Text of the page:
Magazine article National Catholic Reporter

Kayla Mueller's Encounter with a Suffering God

Magazine article National Catholic Reporter

Kayla Mueller's Encounter with a Suffering God

Article excerpt

When Kayla Mueller's death was confirmed Feb. 10, statements from political leaders, including President Barack Obama and former Arizona Rep. Gabrielle Giffords, offered litanies of the good works performed by the 26-year-old captive of Islamic State militants.

After she graduated college in 2009, Mueller worked with humanitarian aid groups in northern India, Israel and Palestine. She returned home to Arizona for a year, spending her time at an HIV/AIDS clinic and volunteering at a women's shelter at night.

In 2012, the war in Syria and its resulting refugee crisis compelled Mueller to travel to the Syrian-Turkish border, where she worked with Support to Life and other humanitarian organizations. Her local Arizona newspaper chronicled her work with Syrian children. The article describes her playing, painting and drawing with children in refugee camps, and recounts an incident where she was able to reunite a man with a 6-year-old family member after a bombing.

"For as long as I live, I will not let this suffering be normal. [I will not let this be] something we just accept," Mueller told the reporter at the time. "It's important to stop and realize what we have, why we have it, and how privileged we are."

In August 2013, two months after that article was published, Mueller was kidnapped as she was en route to catch a bus to Turkey after leaving a hospital in Aleppo.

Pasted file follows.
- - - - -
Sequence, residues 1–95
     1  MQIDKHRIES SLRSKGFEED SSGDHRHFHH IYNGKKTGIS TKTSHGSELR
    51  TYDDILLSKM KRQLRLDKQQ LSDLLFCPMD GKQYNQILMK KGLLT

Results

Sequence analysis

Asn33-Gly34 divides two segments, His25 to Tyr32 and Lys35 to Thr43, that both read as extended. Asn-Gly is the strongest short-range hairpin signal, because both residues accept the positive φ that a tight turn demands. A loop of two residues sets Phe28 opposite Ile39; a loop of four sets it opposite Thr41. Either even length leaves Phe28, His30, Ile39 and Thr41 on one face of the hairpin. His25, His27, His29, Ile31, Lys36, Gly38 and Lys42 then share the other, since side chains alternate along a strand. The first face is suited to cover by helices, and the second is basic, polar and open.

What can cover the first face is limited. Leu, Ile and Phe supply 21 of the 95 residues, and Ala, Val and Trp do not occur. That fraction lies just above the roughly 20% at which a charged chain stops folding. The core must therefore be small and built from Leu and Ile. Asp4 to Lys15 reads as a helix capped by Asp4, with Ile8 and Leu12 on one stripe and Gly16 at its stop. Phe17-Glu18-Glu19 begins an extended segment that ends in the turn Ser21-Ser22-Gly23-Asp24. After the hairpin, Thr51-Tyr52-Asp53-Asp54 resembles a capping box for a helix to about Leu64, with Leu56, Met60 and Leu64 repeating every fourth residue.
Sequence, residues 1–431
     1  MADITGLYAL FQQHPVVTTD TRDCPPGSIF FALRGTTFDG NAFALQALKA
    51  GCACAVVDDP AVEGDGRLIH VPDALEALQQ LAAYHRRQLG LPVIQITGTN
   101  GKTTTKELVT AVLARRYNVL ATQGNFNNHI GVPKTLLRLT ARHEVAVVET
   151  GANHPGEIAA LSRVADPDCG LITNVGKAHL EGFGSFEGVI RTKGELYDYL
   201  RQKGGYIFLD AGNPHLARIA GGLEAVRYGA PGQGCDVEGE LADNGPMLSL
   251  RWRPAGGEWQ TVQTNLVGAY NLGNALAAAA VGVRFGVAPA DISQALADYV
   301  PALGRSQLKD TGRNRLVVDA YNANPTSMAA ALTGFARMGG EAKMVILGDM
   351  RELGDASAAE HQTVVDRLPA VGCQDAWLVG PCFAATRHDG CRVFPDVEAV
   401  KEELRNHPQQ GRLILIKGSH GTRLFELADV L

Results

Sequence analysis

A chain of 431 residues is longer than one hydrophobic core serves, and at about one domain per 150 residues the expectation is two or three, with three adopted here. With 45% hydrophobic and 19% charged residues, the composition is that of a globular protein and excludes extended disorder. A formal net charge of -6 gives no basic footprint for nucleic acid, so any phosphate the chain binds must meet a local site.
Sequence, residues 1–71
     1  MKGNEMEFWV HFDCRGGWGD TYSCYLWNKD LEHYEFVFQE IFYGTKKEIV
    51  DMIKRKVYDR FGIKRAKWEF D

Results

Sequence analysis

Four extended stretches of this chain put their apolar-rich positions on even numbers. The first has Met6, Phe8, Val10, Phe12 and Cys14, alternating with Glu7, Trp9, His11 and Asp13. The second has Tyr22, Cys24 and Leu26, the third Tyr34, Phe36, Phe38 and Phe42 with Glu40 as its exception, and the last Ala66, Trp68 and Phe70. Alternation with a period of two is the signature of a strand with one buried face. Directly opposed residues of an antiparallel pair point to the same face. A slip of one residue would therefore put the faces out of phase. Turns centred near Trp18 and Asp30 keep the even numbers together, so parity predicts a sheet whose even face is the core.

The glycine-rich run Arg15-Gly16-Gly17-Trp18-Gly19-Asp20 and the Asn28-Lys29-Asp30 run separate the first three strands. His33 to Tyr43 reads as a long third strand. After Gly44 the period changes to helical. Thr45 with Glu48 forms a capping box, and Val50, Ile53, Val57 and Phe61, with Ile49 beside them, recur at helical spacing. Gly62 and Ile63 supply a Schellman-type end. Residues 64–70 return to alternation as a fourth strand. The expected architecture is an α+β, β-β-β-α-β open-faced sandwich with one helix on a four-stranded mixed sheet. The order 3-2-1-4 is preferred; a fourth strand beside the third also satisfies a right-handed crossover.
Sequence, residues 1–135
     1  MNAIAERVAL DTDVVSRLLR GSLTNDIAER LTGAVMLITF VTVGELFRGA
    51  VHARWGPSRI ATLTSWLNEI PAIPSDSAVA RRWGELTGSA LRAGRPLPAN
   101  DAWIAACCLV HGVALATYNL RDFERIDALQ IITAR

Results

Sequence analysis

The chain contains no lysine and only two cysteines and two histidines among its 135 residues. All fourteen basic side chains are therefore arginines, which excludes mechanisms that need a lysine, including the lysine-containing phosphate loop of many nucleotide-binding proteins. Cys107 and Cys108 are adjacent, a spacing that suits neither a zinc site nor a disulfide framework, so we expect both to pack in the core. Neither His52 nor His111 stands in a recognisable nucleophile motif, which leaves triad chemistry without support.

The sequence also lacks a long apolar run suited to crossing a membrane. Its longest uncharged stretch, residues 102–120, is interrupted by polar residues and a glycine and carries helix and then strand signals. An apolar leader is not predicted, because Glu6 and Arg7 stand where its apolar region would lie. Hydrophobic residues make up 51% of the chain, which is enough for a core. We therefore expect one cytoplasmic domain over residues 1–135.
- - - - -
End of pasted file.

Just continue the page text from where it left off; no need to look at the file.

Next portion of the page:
Since the announcement of her death, a common refrain has been that Mueller did more in her 26 years than many do in a lifetime. That certainly is true. But I also believe that Mueller was able to grasp a deeper understanding of God than most people do diming their lifetimes.

That truth became clear in the statement released by Kayla Mueller's family soon after her death. It begins quoting a letter that she wrote to her father on his birthday in 2011:

I find God in the suffering eyes reflected in mine. If this is how you are revealed to me, this is how I will forever seek you.

I will always seek God. Some people find God in church. Some people find God in nature. Some people find God in love; I find God in suffering. I've known for some time what my life's work is, using my hands as tools to relieve suffering.

Mueller was 23 when she wrote those words. To encounter God in joy, peace and love is its own spiritual gift, but to see God's face in the eyes of those who suffer unspeakable violence and desolation is a charism that is rare at any age. I'm not sure that even great spiritual writers like Dorothy Day and Elie Wiesel came to such a realization about God in their early 20s.

In what little writing we have of hers, Mueller demonstrates that she truly understood the Gospel that Jesus was trying to preach to all of us.

From what little we know of her life in captivity, it is clear she tried to practice one of Jesus' most challenging teachings: "Love your enemies." She did not treat her captors with hostility. The Guardian reports that Mueller, in fact, "tried to teach her guards crafts, including origami."

"She did ordinary things in extraordinary measure," said Kathleen Day, head of United Christian Ministry at Northern Arizona University, where Mueller was a student. …

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